Archive for the ‘Water Park’ Category

Ejected – Man Knocked Unconscious on Water Slide; Court Permits Amendment to Complaint Alleging Punitive Damages (PA)

September 10, 2015

Perez v. Great Wolf Lodge of the Poconos (Pennsylvania)
(trial court disposition)

Plaintiff Brian Perez was a paying guest and business invitee of the defendant Great Wolf Lodge, which operates a hotel and water park in the Poconos.  While riding on a water slide with his companions, Perez’s raft began “oscillating excessively,” causing him to strike his head and neck on the side of the ride, rendering him unconscious, and ejecting him from the ride.  Perez and his wife filed a complaint against the defendant alleging negligent overloading of the raft.  Discovery ensued and was very contentious.  There was what was characterized as a “failure of discovery by the defendants for much of the first year of this litigation.”  At some point, the initial attorney representing the defendant was replaced.  Thereafter, some significant additional disclosures, totaling approximately 5,000 pages of material, were made by the defendant.  As a result of the disclosures, the plaintiffs filed a motion to amend the complaint to add a claim for punitive damages to the lawsuit.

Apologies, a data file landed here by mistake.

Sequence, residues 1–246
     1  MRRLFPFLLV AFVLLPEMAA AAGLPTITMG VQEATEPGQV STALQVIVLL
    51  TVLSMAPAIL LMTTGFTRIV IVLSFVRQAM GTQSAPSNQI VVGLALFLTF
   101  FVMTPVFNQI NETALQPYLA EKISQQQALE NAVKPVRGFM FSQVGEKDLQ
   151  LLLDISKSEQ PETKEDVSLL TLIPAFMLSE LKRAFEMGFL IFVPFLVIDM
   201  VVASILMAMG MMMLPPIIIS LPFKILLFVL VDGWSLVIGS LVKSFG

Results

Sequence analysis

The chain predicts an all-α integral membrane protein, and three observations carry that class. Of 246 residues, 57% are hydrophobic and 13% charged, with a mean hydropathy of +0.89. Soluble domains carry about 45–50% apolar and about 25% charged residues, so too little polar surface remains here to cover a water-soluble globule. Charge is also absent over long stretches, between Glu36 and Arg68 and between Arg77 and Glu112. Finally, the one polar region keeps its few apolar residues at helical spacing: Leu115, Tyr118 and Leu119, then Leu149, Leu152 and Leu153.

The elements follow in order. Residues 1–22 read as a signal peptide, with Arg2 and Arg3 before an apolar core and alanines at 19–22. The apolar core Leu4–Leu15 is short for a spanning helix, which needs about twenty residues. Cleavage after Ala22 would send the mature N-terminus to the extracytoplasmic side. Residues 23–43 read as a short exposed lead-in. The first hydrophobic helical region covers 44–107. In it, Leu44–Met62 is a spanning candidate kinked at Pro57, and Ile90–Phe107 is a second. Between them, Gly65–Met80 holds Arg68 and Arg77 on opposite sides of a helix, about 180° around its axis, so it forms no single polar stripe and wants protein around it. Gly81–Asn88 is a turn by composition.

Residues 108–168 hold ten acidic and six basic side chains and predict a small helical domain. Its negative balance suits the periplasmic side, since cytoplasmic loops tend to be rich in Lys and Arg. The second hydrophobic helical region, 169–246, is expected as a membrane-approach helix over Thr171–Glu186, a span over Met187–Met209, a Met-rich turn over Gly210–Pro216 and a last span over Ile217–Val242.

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Slipping and Sliding Away

September 20, 2012

Close v. Darien Lake Theme Park and Camping Resort, Inc. (New York)
(A guest at an amusement park suffered an injury on a water ride and sued the park; the court held that the park owner was not liable for the injury.)

In this very short opinion, the Court explained, “[B]y engaging in a sport or recreational activity, a participant consents to those commonly appreciated risks which are inherent in and arise out of the nature of the sport generally and flow from such participation.”  It also noted that “[a]wareness of the risk is ‘to be assessed against the background of the skill and experience of the particular plaintiff’.'”  The defendant had successfully met its burden by proving that the plaintiff understood and voluntarily assumed the risks.  Despite, plaintiff’s contention to the contrary, the plaintiff was unable to raise a triable issue regarding reckless or intentional conduct or that there was a dangerous concealed condition.

NOTE: The published opinion does not include any factual details of the incident or the facility’s specific role in the incident.